The streets of the Zaballine (Garbage Collectors’) Neighborhood lay littered with rocks, broken glass, and ashes that had blown from the charred remains of burned houses and factories following Tuesday night’s clashes that left at least ten dead. 

Residents from the Coptic neighborhood in the area of Manshiyet Nasser tell tales of raiding thugs from neighboring areas who descended upon them during protests in the wake of a church fire last Monday.

“This is the first time clashes this bad happened in the area since they eradicated the pigs. That time it was us against the security forces. This time it’s looking like more of a sectarian issue,” said Romany Sameer, a 24-year-old factory worker.  “Despite there being sectarian tension before, especially after the Two Saints [Church] bombing in Alexandra, there has never been such an organized attack on the Copts here before,” he said.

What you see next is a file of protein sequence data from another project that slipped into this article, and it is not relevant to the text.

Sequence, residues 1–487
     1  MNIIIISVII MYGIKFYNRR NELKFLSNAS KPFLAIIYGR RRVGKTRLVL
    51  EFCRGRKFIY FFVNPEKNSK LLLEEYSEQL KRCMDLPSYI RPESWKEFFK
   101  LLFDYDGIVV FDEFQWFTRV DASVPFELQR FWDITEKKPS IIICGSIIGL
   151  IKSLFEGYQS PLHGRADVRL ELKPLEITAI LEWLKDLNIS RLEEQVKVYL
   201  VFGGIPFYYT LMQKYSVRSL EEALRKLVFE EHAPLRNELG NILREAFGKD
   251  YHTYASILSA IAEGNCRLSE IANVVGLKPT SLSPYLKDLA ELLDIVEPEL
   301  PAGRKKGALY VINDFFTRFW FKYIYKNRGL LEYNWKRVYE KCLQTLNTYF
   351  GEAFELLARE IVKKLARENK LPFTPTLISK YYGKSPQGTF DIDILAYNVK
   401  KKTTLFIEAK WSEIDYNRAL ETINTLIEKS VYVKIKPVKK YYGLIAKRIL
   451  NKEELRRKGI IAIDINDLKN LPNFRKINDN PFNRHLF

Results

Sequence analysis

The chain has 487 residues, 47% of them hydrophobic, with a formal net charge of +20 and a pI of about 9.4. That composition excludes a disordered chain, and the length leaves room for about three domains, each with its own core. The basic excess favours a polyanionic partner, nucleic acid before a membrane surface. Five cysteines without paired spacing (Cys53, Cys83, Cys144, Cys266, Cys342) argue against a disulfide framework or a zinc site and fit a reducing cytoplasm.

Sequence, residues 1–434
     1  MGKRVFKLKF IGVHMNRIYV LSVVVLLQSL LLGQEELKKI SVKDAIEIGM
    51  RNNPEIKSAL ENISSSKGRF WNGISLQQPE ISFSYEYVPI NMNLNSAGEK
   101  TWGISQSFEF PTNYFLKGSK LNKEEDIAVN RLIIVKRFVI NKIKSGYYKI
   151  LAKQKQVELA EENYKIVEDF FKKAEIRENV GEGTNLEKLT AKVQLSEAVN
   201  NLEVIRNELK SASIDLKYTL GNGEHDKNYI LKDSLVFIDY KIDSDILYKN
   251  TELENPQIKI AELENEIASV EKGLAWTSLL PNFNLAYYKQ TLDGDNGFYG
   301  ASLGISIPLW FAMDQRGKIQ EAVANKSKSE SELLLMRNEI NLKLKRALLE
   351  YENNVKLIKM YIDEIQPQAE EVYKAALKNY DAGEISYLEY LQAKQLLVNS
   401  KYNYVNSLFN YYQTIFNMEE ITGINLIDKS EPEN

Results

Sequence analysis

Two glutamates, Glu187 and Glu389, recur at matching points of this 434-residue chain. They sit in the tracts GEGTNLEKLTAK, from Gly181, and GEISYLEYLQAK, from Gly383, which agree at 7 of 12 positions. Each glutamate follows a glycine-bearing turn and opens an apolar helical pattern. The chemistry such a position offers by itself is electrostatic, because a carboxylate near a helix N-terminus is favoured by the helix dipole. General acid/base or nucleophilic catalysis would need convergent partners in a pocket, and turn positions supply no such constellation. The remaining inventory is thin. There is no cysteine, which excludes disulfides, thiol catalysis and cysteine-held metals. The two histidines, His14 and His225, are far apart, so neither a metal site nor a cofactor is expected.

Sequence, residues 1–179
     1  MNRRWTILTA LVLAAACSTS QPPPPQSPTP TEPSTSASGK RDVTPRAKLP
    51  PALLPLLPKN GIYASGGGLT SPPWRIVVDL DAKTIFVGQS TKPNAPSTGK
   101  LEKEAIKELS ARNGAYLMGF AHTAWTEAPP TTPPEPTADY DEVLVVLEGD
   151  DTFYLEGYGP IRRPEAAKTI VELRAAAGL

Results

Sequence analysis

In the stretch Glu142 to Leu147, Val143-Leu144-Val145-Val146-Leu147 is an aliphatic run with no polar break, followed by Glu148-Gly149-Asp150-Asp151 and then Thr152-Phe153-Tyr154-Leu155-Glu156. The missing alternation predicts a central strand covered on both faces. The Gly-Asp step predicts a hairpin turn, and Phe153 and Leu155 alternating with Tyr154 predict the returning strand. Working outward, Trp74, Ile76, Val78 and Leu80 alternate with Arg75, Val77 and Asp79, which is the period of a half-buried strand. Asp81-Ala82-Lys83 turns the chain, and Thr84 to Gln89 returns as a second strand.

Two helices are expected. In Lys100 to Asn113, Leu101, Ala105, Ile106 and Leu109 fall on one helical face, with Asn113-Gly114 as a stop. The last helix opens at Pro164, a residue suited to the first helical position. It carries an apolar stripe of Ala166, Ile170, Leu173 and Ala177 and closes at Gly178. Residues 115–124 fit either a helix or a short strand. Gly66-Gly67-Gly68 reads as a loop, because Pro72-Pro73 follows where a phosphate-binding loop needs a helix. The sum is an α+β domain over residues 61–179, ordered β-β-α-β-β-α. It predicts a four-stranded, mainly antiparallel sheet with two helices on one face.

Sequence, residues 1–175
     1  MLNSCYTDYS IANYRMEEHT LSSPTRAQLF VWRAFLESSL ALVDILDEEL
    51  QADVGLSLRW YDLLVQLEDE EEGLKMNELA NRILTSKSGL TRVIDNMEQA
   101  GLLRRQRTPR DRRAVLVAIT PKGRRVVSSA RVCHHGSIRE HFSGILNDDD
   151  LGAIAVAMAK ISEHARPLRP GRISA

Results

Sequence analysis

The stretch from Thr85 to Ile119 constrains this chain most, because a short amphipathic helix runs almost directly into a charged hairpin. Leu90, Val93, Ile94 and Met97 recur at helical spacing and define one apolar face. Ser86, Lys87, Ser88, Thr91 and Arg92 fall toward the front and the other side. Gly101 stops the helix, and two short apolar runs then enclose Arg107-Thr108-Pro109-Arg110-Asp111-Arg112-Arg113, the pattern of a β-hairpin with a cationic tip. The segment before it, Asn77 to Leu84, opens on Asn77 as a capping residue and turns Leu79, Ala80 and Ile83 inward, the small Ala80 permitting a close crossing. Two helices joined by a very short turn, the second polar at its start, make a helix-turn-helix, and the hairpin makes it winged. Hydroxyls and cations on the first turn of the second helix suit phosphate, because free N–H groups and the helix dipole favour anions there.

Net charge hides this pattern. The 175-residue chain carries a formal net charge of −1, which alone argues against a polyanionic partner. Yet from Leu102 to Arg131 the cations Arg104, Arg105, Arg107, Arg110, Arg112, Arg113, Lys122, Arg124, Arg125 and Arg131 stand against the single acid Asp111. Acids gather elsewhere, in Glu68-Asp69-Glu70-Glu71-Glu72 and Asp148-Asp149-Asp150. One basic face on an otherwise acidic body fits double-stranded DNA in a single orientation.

Coptic protesters had blocked the road leading up to Moqattam neighborhood at 12PM. Thugs appeared to emerge from behind soldiers at 3PM, immediately after the army shot warning shots into the air to disperse protests.

“The army was facing us, and the thugs were behind them, shooting and throwing rocks at us,” said Ameer Ramzy, 28. Residents from the area claim that the thugs shot at the protesters while some residents shot back. The rest threw rocks and exchanged Molotov cocktails. Unconfirmed reports claim that the thugs came from the adjacent al-Sayeda Zainab area and were organized by notorious ex-convicts.